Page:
Speaking briefly to my solicitor about it, he has suggested being tenants in common but with 50% share each, then leaving our shares to our relevant dcs but with a life interest to the other partner should sort it as we want. There week be other insurances and monies that dcs will get immediately, but I just want to make sure noone ends up being made homeless! X

swingofthings Tue 09-Feb-16 18:43:24

The way to go is definitely via wills. I do believe you can stipulate that each can pass their half to the children but with a clause that the remaining owner can stay in the property indefinitely until sold.

The solicitor drawing your wills will be able to advise.

HormonalHeap Tue 09-Feb-16 21:05:58

We are doing our wills. Dh has 3, I have 2. Apart from a relatively small contribution from me, dh funded our house. If we both die together, dh wants everything split equally between the 5. If he goes first, the mortgage will be paid off by insurance so I stay in the home and each child gets a lump insurance payout for a flat deposit. All other assets will be put into a trust that I can use in my lifetime but will be equally split upon my death. This will be backed up (at my suggestion) by me making an irreversible will, as even though I know I would never betray my husband, I don't want him to have to even think about it. I think something similar happens if I die first.

Thankfulforeveryday Tue 09-Feb-16 21:10:07

We did our wills as tenants in common for a similar reason.

Flustarhymes Tue 09-Feb-16 22:07:46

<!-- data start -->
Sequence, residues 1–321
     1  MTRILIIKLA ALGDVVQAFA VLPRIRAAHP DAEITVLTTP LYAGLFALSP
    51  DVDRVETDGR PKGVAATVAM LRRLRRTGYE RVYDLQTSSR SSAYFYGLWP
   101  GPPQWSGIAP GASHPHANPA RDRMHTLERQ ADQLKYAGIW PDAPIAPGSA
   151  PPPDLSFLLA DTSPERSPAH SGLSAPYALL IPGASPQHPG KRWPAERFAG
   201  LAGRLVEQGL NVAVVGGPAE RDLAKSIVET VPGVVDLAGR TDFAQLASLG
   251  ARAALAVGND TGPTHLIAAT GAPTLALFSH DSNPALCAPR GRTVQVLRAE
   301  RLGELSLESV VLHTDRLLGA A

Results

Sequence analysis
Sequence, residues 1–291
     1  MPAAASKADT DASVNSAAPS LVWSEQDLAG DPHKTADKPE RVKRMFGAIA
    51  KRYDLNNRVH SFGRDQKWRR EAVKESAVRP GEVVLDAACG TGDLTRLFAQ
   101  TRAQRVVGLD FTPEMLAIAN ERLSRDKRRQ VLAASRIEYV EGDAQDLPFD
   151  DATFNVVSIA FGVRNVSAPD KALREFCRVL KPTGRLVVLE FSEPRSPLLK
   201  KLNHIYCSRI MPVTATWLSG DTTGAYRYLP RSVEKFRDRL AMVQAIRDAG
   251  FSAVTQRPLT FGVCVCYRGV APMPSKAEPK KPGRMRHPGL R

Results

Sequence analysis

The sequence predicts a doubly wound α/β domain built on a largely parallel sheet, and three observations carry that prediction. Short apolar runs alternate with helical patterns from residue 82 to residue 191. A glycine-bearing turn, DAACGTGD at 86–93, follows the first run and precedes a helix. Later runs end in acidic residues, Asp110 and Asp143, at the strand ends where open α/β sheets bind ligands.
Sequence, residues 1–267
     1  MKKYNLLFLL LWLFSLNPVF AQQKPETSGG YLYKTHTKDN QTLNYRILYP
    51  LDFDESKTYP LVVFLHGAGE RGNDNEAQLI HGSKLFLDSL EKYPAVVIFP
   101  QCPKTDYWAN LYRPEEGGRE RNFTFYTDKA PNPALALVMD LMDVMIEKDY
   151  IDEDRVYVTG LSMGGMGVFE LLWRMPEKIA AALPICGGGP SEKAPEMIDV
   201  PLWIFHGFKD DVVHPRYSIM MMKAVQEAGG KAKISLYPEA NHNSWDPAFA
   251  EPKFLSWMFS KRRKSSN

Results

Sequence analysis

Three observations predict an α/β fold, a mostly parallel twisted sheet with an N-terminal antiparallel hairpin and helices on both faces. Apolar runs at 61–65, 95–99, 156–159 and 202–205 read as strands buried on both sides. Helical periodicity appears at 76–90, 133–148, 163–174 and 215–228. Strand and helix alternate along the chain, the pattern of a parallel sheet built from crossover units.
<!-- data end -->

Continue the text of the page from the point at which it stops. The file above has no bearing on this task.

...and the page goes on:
We have something called a Flexible Life Interest Trust. As I understand it, it protects the inheritance of my DH's children. So if DH passes first, I can remain in the home etc (and vice versa), and I believe at the time I pass, it then gets all released. Of course it could be released earlier if I am in a position to. We have appointed trustees so that they can oversee it all. To be honest I forget the finer points of how it works. I need to write it down!

Emeralda Tue 09-Feb-16 22:08:46

I don't know the answer about tenants in common etc but life interest seems the most popular choice. I think a good solicitor could sort this out easily for you. I got my will sorted last year and have left my house to DS with a life interest to DP. Solicitor thought of lots of different scenarios eg what happens if DS dies before me and there's a clause for every possible eventuality. I suppose some of it could be upsetting to think about but far better to think about it rationally now. DP is even allowed move his next girlfriend in if DS or his trustees consent!
There's a Mumsnetter called Mumblechum who gives good advice on wills.
I got Power of Attorney sorted at the same time. Also worth checking who the nominated beneficiaries are for any pension or death in service benefits. If DC are young, it's worth thinking about when you want them to inherit (18/21/25?) and who you want to look after that money in the meantime (trustees?). Different solutions will suit different families but there's a legal clause for every scenario.

Micah Tue 09-Feb-16 22:14:42

If you get a decent solicitor to sort it out it should be fine.

My house is mine. I have left it to the dc, with the condition dh can live in it, or sell and buy another property, until he no longer wants it, dies, or remarries.

Dh's house now belongs to his ex-wife, so his children with her should get that.

WSM123 Tue 09-Feb-16 22:36:04

Also if you have a mortgage, get life insurance to the value of the mortgage so if one dies the other will be able to pay off the house, then it is their house